From the editor's desk: Seeking a new North Star
In late August of 2013, I began my three-and-a-half-year stint with the Grand Valley Lanthorn. Hired on by the editor-in-chief before I ever moved on to campus, I distinctly remember asking the main source for my first story for the Lanthorn to meet me at the Cook Carillon Tower for our interview—unfamiliar with campus, I was too scared I’d get lost trying to find anywhere else.
From there, I’ve made my way from cub reporter to editor-in-chief. Throughout my time with the Lanthorn, I’ve done a great many things I never thought I’d get to do. I’ve reviewed plays, interviewed celebrities, covered national political debates, called grieving parents, filed Freedom of Information Act requests, become incredibly familiar with media law and managed a staff of 70 students.
While my diploma will state I graduated from Grand Valley State University, that’s not really true. In reality, I’m graduating from the school of the Grand Valley Lanthorn. Journalism is not something theoretical. You learn by doing, by getting your hands dirty. If that’s true, then I walked across that stage at Van Andel Arena and shook President Thomas Haas’ hand with a soot-covered, ink-stained and muddy hand of my own.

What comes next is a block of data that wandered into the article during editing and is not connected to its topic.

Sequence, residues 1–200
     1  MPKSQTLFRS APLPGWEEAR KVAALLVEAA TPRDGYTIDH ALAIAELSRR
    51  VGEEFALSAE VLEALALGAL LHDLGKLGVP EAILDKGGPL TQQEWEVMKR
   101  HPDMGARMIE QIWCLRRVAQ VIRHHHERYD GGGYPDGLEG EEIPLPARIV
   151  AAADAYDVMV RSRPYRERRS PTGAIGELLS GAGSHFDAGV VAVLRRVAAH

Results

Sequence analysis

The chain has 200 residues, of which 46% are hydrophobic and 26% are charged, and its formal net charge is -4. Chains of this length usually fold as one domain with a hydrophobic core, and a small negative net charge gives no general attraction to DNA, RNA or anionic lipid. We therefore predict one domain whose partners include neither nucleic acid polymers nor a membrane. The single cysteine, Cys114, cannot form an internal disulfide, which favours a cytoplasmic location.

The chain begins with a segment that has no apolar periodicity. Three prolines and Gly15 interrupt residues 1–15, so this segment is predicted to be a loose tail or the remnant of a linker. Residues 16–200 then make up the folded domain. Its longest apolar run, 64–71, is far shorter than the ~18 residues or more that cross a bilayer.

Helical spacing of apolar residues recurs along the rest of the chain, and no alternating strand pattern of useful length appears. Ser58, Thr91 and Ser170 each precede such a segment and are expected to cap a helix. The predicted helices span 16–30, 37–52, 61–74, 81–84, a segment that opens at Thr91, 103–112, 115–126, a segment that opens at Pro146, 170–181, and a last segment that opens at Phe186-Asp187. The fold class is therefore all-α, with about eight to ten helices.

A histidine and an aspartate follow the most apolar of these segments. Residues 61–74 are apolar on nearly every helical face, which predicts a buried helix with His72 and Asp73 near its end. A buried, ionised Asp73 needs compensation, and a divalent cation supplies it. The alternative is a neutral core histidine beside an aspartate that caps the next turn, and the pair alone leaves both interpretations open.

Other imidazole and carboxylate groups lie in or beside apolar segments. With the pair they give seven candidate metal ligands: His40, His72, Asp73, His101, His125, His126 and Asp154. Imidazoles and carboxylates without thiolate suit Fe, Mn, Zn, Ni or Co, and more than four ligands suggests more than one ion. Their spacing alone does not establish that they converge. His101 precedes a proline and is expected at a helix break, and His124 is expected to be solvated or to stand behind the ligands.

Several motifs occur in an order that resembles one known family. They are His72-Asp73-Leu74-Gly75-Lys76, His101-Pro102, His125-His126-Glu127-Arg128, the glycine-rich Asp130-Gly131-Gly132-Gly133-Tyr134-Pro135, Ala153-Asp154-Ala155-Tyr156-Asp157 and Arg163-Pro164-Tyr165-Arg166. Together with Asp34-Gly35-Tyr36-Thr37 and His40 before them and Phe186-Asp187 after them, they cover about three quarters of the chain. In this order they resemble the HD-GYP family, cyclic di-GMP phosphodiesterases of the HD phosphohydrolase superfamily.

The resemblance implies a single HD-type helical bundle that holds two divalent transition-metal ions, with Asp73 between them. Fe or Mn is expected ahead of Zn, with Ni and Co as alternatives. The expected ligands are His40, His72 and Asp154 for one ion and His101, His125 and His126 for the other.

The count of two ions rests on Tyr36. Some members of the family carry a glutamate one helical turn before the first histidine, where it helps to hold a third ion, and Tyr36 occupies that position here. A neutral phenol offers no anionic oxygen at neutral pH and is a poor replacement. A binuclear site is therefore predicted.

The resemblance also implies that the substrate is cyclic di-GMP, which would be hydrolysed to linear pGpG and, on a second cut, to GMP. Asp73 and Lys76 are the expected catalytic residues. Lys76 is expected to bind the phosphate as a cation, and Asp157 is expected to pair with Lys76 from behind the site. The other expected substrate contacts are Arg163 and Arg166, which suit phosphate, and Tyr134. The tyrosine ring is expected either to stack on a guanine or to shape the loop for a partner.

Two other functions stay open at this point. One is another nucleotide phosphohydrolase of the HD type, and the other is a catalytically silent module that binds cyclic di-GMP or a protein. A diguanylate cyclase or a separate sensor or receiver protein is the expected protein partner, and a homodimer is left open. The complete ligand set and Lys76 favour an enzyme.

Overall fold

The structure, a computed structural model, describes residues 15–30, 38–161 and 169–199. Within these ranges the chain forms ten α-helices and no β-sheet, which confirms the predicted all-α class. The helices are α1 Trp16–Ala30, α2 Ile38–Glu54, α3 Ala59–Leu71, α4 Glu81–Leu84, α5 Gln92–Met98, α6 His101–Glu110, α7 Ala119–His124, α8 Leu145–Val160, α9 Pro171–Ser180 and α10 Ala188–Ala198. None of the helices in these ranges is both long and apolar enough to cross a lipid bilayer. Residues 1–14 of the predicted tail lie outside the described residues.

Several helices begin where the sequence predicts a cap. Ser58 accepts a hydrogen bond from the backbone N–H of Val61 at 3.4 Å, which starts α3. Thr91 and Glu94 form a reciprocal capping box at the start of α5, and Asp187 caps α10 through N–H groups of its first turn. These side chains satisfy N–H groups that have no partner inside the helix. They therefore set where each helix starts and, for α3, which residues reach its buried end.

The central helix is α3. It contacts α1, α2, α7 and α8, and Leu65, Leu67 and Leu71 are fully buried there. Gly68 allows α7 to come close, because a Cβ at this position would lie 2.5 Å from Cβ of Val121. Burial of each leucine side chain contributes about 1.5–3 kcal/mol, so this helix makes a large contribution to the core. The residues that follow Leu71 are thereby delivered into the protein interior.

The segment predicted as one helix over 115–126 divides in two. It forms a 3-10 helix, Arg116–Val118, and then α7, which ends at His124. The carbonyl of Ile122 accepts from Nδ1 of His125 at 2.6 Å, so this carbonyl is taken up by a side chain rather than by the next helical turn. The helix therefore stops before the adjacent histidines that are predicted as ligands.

And there’s nothing that I’m more grateful for.
At commencement Saturday, Dec. 10, GVSU professor Robert Stevenson offered the newest group of alumni an African proverb to consider: "Do not sail using someone else's star."
For most members of the Laker community, the Lanthorn is just something to pick up on their way to class and then probably throw away before reading anything more than a headline or two.
But for me, the Lanthorn has been late nights, massive triumphs and devastating failures, an unacceptable amount of coffee for one human to consume, missing class to cover events, early meetings with administrators, incredible friends and the entirety of my college experience. For me, the Lanthorn has been my North Star to sail by at GVSU.
In the last three-and-a-half years, the Lanthorn staff has done some amazing things. We’ve redesigned our website twice, launched podcasts, covered protests and sexual assaults, won national awards, collaborated with other student media, covered more national championship winning sports teams than I can count and so much more. I couldn’t be any prouder of our staff, and so should be GVSU students, faculty and staff.
This issue marks the 216th edition of the Lanthorn I’ve been a part of. In that time, I’ve edited more than 2,800 articles, written more than 100 stories, contributed to dozens of editorials, taken photos and sent out more social media posts than anyone would care to count.
But now, with this final issue of the Lanthorn, I am turning off my computer, packing my things and handing the reins off to the next editor-in-chief, Hannah Lentz. I’m equal parts terrified, ecstatic and devastated to be leaving the Lanthorn.
But one thing I’m not is fearful. I know that I’m leaving GVSU in the fully capable hands of a passionate, determined journalistic staff, and I can’t wait to see what they do next. As for me, it's time I find a new North Star to chart my course by.
Stay tuned, Lakers. I know great things are in the Lanthorn’s future.